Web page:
Many distance learning courseware packages include a whiteboard tool. The purpose of an electronic whiteboard is the same as that of a blackboard or whiteboard in a school. Instructors and students write or draw on the board in order to share their ideas and to deliver instruction. Electronic whiteboards work as graphical chat tools. They allow multiple users to draw, paint, and share existing graphical files in real time. Unfortunately, exclusively graphical workspace is not accessible to users of screen readers. Even the text tools that are available in these environments often produce text in a way that cannot be accessed by screen readers.
Current whiteboard tools also include many exclusively mouse-driven functions, which exclude people who cannot use a mouse. As result of these limitations, students and instructors with certain disabilities cannot participate actively in whiteboard activities, either because they are unable to use the graphical tools or because they are unable to see the shared environment. This is very similar to experiences of some individuals with disabilities in regular classrooms.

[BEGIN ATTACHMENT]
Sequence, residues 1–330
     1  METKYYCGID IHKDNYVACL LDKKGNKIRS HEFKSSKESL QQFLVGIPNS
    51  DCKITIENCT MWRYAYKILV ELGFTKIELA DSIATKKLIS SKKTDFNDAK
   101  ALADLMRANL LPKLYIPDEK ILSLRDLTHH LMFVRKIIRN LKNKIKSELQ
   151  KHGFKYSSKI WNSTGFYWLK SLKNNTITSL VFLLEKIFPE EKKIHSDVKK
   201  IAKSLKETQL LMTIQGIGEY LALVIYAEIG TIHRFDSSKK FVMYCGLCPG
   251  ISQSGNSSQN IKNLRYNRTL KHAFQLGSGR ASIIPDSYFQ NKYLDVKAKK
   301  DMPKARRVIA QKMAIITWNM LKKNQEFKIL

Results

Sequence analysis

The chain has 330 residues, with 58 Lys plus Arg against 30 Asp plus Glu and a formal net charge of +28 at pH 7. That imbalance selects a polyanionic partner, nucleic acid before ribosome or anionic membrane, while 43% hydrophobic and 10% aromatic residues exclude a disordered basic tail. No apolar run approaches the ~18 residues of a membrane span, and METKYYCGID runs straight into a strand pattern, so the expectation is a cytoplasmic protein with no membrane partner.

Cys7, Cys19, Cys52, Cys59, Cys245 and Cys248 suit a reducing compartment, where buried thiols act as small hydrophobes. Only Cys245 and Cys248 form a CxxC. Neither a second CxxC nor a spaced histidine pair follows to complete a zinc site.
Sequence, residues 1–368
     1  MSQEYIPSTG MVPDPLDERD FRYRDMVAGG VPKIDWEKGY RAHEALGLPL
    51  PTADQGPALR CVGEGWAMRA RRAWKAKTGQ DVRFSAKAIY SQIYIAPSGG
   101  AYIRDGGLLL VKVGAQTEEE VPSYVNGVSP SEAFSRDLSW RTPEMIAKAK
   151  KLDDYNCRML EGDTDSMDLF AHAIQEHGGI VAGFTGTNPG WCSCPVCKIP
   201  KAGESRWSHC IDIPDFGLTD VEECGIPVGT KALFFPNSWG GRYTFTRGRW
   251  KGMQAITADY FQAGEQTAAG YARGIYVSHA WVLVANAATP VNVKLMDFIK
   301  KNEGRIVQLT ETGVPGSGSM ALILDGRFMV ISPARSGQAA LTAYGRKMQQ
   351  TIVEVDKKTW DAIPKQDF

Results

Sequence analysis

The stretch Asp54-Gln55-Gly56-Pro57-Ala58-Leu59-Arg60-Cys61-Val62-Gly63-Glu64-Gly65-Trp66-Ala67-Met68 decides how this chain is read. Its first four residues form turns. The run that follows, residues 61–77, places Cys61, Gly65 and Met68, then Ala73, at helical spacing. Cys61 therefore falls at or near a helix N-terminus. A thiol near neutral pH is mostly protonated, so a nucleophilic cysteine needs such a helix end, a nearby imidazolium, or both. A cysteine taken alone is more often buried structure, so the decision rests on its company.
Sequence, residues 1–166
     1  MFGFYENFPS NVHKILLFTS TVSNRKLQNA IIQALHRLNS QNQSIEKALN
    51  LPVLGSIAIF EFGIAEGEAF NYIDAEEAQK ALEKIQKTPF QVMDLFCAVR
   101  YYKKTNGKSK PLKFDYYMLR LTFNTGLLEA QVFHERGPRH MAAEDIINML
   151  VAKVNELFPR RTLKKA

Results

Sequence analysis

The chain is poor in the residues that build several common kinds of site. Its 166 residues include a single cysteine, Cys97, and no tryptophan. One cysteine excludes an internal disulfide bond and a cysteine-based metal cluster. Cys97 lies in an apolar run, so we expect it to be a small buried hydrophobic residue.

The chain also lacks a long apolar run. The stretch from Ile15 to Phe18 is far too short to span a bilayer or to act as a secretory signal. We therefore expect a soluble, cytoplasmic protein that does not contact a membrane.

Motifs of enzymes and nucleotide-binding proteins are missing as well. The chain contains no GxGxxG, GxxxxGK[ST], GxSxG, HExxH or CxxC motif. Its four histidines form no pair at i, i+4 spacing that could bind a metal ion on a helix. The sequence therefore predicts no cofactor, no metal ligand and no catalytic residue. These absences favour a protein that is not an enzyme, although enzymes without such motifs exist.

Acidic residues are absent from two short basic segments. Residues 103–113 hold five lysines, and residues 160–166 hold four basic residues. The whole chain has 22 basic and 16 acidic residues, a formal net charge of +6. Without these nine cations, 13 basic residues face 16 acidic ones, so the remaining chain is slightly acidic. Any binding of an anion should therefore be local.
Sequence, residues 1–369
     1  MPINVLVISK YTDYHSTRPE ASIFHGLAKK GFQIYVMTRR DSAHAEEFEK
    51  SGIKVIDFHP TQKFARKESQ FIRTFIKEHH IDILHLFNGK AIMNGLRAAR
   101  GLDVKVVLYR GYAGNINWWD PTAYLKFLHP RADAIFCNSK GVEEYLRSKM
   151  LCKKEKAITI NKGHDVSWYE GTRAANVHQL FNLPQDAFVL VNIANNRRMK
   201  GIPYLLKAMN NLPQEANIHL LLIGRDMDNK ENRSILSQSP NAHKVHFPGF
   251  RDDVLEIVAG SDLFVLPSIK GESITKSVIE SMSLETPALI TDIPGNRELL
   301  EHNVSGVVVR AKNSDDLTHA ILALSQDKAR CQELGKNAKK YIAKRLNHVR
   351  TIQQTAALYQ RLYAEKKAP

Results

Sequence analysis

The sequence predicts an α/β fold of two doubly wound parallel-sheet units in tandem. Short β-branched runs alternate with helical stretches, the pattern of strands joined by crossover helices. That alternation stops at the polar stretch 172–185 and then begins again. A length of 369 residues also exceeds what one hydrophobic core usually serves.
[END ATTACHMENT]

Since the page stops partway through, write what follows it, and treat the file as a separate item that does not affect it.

If an instructor feels that using a whiteboard tool is essential to his or her course, participants can use the same strategies used in the regular classroom to increase accessibility. They will need to consistently and meaningfully narrate what is being drawn or typed on the whiteboard. This requires considerable skill and discipline on the part of all participants. Distributing the information before the whiteboard session in accessible format will make it easier for students with disabilities—and often also for nondisabled students who need more time to engage with the material—to participate. At this time, the best way to accommodate users of screen readers and other assistive technology is to avoid using whiteboard tools for delivering content that is essential and significant.
For more information on distance learning courseware packages, see the AccessIT Knowledge Base article How do courseware products differ on accessibility?